This is a syndicated post from The Chant Café. [Read the original article...]
by Mary Catherine Levri
On October 14th, I had the pleasure of playing a short recital at the Cathedral of St. Paul in St. Paul, Minnesota. I was one of six musicians who performed for a conference sponsored by the Church Music Association of America. It was titled, “The Renewal of Sacred Music and the Liturgy in the Catholic Church: Movements Old and New.”
I usually attend the CMAA’s annual Colloquium that takes place in the summer, but my business with the Basilica Summer Choir (plus the opportunity to play this recital at the October conference) caused me to opt for this smaller, more academic conference in the fall. Directed by Dr. Jennifer Donelson, the Academic Liaison of the CMAA, the conference focused on issues at the heart of the renewal of liturgical music before, during, and after the Second Vatican Council. In a special way, the conference reflected on the legacy of Monsignor Richard Schuler (1920-2007), a musician priest of the Archdiocese of St. Paul & Minneapolis who gave much of his priestly life to the preservation of the Catholic musical tradition. He is most famous for founding the Twin Cities Catholic Chorale in 1955. Part of the conference took place at St. Agnes Church, the church at which Msgr. Schuler was pastor for thirty-six years. It was in this beautiful Baroque church that conference participants were treated to the Twin Cities Catholic Chorale’s performance of the Mozart Vesperae solennes de confessore on the first night of the conference.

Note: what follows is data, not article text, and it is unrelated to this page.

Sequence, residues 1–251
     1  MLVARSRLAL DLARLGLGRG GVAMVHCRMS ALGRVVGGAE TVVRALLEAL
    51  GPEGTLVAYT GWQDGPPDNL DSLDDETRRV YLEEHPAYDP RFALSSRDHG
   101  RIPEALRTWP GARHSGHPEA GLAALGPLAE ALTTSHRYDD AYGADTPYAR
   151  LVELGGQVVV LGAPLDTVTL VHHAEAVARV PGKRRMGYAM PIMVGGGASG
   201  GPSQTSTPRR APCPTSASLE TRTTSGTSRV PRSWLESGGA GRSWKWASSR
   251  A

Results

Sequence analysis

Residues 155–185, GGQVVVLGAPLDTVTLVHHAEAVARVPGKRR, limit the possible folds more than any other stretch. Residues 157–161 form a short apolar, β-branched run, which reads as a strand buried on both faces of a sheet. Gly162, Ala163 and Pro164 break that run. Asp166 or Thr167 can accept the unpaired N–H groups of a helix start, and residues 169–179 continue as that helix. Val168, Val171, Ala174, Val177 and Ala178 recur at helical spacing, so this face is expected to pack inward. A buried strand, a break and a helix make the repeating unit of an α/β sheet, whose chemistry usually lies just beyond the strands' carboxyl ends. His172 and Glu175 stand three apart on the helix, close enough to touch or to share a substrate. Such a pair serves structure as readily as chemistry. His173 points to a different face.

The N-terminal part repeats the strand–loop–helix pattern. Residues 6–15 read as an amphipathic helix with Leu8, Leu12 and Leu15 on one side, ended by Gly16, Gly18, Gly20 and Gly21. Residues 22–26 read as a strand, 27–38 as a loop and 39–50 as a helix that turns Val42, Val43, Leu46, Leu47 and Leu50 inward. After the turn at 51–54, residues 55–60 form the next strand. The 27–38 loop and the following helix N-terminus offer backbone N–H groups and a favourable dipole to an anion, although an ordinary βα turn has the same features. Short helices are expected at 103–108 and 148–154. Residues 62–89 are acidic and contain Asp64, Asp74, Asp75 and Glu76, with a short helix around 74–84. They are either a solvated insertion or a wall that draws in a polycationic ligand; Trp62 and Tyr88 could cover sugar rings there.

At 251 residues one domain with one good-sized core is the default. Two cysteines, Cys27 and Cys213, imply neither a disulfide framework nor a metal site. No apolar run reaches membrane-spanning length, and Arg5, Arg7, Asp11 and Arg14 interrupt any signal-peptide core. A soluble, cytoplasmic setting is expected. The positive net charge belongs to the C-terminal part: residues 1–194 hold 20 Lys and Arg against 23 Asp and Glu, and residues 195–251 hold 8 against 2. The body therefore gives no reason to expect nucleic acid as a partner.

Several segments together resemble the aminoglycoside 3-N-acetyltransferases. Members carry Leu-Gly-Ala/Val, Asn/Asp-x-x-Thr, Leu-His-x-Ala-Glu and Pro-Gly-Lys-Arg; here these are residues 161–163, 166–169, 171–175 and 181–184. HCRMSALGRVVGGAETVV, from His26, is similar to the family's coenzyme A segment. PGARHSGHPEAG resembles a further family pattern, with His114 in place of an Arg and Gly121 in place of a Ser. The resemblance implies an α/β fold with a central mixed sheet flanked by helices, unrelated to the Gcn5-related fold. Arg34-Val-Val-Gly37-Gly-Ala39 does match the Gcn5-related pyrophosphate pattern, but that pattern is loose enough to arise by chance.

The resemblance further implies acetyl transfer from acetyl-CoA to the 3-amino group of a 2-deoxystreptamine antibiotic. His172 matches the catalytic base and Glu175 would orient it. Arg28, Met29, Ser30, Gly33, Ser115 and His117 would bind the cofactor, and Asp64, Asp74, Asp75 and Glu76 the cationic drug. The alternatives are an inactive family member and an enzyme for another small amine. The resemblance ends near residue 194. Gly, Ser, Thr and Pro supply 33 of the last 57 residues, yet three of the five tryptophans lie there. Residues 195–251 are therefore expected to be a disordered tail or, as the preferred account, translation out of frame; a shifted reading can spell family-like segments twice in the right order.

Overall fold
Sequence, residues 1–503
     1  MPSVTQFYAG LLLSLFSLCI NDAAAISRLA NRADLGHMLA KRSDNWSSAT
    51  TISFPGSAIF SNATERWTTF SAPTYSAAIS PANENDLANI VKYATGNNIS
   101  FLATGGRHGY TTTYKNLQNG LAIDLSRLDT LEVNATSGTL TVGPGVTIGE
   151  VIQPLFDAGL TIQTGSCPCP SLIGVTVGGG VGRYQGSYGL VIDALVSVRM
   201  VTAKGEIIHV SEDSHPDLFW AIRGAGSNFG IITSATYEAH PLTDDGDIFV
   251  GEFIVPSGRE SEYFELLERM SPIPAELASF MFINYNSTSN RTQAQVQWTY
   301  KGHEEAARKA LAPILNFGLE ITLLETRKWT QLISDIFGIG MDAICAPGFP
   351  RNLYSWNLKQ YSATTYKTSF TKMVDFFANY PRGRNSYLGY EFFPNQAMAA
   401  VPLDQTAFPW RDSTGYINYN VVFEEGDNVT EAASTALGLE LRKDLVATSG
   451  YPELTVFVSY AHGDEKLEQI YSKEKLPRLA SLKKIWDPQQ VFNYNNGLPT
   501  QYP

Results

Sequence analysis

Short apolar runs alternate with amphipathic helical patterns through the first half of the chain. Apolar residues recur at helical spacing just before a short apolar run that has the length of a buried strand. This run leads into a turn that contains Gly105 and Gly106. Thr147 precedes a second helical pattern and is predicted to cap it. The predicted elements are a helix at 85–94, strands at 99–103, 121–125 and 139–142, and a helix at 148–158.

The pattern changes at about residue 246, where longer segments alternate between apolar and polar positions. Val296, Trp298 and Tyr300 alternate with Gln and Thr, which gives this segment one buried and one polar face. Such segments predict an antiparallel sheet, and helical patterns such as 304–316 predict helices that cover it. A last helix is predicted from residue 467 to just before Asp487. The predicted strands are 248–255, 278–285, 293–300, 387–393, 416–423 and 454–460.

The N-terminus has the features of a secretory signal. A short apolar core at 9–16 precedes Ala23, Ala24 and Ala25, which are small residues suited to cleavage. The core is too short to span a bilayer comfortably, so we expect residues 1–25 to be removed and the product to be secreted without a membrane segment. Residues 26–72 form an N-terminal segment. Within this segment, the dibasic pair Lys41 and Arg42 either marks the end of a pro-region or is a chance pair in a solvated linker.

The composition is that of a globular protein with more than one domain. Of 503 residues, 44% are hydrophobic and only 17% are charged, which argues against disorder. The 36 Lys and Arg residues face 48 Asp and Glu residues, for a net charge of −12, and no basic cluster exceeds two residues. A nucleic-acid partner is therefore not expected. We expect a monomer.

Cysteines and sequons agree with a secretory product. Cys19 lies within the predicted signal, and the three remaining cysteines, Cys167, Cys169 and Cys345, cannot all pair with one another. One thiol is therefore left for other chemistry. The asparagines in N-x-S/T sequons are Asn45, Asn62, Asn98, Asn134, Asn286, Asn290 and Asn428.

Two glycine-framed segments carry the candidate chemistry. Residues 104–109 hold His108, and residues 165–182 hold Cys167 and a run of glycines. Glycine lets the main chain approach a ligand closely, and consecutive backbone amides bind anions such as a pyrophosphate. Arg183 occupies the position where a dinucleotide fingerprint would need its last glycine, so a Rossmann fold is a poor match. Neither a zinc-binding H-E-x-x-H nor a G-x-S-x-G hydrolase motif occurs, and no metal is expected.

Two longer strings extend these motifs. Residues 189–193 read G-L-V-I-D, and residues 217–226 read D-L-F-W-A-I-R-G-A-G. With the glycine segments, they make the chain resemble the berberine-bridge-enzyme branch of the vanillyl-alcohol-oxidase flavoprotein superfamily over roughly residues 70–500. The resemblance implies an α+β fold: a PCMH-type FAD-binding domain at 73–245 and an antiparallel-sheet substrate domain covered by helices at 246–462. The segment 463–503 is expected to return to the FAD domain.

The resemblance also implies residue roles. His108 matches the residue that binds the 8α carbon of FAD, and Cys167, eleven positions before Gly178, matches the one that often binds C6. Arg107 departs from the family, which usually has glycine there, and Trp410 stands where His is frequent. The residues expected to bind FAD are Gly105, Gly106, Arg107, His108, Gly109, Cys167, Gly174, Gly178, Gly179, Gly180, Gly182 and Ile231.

The following two days of the conference consisted of spoken presentations, music recitals, and participation in liturgies. A number of the talks were quite good, and some were especially enlightening. Fr. Robert Johansen, a priest from the Diocese of Kalamazoo, gave a talk on the musical initiatives of the Liturgical Movement in the two decades leading up to Vatican II. Fr. Johansen explained that in these initiatives, active participation in the liturgy was fostered in a particular way through the congregational singing of chant. He asserted that the singing of chant by the congregation is a liturgical action that possesses a “sacramental” quality, making it all the more important for this sung participation in the Mass to be encouraged today. Having lived in nothing other than the post-Vatican II Church, it was enlightening for me to realize that such practical musical reform was already taking place in the United States before the Council. Fr. Johansen’s presentation led me to realize that as lonely as I can sometimes feel in my efforts as a church musician, I am not starting “from scratch” when I encourage congregations to sing the music of the Church. I am always already standing on the work of others.